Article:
I decided to try a different approach; whereas, with the first merchants, I got straight down to business with my barter pitch, this time I spoke to them on a personal level first. We conversed about Ecuador, American culture, and about life in the marketplace. This strategy taught me a valuable lesson as to the importance of friendship, trust, and respect as precursors to conducting business in Latin America. Trade is often conducted only after matters of family and social issues are discussed.

My break came when the merchant asked to see the walkman that was hanging from my neck. I gave him my walkman to listen to with the Bob Marley cassette that was playing. He was very fascinated with the music, checked out the radio stations on the dial, and gave it to his wife and kids to listen to. Since he liked it so much, I offered to trade the walkman for a llama skin rug with the unicorn, which cost about $120.

He called his wife to see if she would concur, and she did. The next step was to establish the value of my walkman to their $120 rug. This posed a problem for me because my walkman was used and was not worth more than $25. While they had no way of knowing the real cost of the item, I wanted to be fair. I told them that it was not comparable in price, but in value to the llama skin.

The merchant did not buy this reasoning, and wanted something more for the trade. He pointed to the compass/watch strapped to my wrist, and said that he would trade for both the walkman and the watch. Initially I declined, since I did not like the idea of being in a foreign country without a time peace or compass. However, I came to my senses and agreed that, while I could always buy another watch back home, I would be hard pressed to get a llama skin rug at such a reasonable price in the States. The deal was sealed.

We shook hands on the trade, and I even posed for a photograph. I knew that someday I would want to recount this experience and wanted proof of my first barter deal. They invited me to return the next market day with any American brand of clothing or electronics (which is expensive in Ecuador) that I wanted to barter, I was quite excited by the proposition.

The Makings Of A Barterer

The following week, I returned with my backpack filled with things that I did not want to take back to the states, but that were in good, tradable condition. I opened my backpack and spread it out on the ground for the vendors to inspect the merchandise. They took some of my best jeans, some t-shirts, canned food, an electric shaver and other personal items.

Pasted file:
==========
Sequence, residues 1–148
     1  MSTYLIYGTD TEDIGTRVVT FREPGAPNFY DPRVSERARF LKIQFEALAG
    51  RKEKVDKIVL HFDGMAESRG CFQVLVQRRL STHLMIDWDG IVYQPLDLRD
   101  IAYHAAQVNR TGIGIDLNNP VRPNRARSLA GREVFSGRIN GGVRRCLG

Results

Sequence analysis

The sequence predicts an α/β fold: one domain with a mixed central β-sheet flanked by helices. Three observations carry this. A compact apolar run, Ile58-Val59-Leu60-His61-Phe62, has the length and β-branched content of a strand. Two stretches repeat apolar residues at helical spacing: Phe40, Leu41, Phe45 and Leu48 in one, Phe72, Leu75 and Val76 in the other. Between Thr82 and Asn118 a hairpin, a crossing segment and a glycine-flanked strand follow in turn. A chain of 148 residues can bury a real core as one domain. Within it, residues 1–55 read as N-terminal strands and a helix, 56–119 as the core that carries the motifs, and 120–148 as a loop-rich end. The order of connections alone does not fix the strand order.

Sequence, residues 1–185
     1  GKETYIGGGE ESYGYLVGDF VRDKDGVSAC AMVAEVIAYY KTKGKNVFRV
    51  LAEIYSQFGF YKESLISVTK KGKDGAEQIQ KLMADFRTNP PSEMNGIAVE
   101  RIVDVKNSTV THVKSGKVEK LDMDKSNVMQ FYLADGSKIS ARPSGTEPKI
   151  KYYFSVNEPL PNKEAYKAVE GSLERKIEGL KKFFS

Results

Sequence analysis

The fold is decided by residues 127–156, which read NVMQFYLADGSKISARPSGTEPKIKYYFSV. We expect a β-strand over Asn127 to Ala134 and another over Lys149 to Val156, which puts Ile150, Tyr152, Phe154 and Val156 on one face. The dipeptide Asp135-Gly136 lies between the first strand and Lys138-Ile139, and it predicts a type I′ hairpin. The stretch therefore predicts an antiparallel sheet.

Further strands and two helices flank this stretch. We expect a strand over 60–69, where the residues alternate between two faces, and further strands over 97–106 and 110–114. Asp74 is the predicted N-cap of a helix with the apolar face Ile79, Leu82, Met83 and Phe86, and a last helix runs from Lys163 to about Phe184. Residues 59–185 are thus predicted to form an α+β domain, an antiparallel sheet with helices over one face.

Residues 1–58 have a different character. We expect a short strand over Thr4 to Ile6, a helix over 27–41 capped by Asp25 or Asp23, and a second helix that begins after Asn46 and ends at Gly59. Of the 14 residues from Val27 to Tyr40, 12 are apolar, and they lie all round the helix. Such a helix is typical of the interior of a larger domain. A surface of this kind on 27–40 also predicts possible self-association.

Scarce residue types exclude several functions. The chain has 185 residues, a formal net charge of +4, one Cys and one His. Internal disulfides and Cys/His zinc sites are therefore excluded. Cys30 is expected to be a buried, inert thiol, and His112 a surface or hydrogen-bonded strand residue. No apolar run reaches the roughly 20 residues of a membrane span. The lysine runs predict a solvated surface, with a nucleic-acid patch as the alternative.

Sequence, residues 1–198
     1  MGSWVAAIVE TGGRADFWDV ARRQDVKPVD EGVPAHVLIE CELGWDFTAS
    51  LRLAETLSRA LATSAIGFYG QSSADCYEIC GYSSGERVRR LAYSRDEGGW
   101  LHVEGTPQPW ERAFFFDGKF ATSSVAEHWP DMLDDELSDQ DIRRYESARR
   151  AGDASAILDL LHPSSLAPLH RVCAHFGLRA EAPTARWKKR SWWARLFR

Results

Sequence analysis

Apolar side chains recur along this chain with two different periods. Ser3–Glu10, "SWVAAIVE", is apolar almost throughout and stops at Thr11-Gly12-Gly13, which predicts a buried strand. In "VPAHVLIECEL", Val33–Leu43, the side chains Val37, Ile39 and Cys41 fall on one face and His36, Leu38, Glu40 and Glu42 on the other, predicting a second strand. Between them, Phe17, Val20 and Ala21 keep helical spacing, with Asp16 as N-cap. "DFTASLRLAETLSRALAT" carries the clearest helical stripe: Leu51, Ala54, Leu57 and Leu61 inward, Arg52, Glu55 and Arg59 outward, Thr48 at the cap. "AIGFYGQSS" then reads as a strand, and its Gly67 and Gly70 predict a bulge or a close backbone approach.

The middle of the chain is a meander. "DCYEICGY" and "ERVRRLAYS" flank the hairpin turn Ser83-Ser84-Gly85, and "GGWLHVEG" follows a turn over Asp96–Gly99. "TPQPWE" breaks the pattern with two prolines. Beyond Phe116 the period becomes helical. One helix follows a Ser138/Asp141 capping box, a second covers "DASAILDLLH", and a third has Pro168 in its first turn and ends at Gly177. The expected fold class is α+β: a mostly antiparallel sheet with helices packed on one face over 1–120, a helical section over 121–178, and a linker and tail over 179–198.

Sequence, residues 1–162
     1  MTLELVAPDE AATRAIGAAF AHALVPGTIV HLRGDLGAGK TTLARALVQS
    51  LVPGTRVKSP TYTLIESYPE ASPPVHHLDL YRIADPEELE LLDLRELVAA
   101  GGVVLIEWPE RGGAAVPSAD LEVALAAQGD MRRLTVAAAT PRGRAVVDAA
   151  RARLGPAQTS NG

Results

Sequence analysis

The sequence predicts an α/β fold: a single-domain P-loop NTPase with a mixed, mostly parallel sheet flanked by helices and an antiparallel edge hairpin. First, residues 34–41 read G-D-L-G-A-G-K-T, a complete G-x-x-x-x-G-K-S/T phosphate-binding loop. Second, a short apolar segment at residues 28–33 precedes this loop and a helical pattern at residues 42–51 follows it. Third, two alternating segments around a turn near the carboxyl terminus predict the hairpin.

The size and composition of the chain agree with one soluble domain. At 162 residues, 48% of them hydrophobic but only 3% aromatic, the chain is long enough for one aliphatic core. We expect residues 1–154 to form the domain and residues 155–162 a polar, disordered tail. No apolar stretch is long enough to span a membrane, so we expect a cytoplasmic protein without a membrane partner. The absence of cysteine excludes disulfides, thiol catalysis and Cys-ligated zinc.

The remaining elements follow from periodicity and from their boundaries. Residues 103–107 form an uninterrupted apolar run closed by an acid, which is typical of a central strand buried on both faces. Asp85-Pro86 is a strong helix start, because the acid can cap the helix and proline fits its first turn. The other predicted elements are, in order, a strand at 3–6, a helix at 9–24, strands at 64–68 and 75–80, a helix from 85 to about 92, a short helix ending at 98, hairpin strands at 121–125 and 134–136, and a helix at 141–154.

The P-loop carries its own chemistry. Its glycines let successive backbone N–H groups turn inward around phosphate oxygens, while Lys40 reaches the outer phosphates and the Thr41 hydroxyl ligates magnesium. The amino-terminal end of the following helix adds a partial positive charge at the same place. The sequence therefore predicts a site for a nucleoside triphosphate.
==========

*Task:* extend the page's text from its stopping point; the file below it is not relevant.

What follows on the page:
I picked out items of llama skin, sweaters, stone carvings, arts and craft that I wanted. It was a smoother trading than the previous week. When other neighboring vendors saw that we were trading, they came over and started going through my backpack, trying on my clothing, and offering their crafts to me on trade.

These items included traditional ceramic and wooden musical instruments, Andean music, stone carvings, semi-precious and precious metal jewelry, rope and string bags made from cabuya (agave fibers), beaded necklaces and bracelets, bags, sandals, hand woven ponchos and chompas (sweaters) and indigenous art depicting the lush Andean mountainsides, volcanoes, campesinos (farmers), llamas, haciendas, and market scenes.

All of a sudden, everyone wanted to trade with me when no one would at first. I was in a good position. It was a win-win situation for all parties. The natives got items of clothing and electronics that were out of their reach financially, and I got some exotic items that had great cultural value.

Soon, word got out among the other exchange students that I was the “barter guru.” Students started coming to me with things that they wanted to trade. I was in a position to act as a “barter broker,” given my negotiating and barter-deal-making success in Otavalo, and that I managed Spanish better than many of the other exchange students. They gave me lists of things that they wanted on trade.

Many vendors in the Otavalo market also gave me their own barter wish lists of goods they wanted from the exchange students. For the next couple of days, I would load up my backpack and barter lists, and head out to the ferias, returning with most of the items requested, to the delight of my “clients.” Had I known of trade exchanges back then, I would have started one in Ecuador.


When one goes to a feria, you should expect to bargain whatever price is quoted to you. It is not considered disrespectful. In fact, it is expected. Bargaining is an art, a means of cultural interaction, and is an integral part of the market culture. It is not uncommon to pay 75% of the price originally quoted for a product after bargaining with a merchant.

Often, you will suggest your “last” price, and the merchant will decline, only to call you back and settle on your price or come to a compromise as you are getting ready to walk away or proceed to another stall. After a friendly handshake, gracias and adios, you leave the merchant with a smile on his/her face for having sold their handiwork, and one on yours for feeling like the world’s greatest bargainer.

In subsequent years, I returned to Ecuador and Peru to pursue not only research, but to seek out barter deals and bargains. I also traded coins and paper currency with local numismatists. In the process, I made many friends and trading partners, and found a new way of doing business that I would later incorporate into my entrepreneurial ventures.

Harcourt Fuller is the Founder & CEO of Fuller & Associates: International Consultants (212-942-7177,, and Money Merchandise, Inc. (212-942-7711,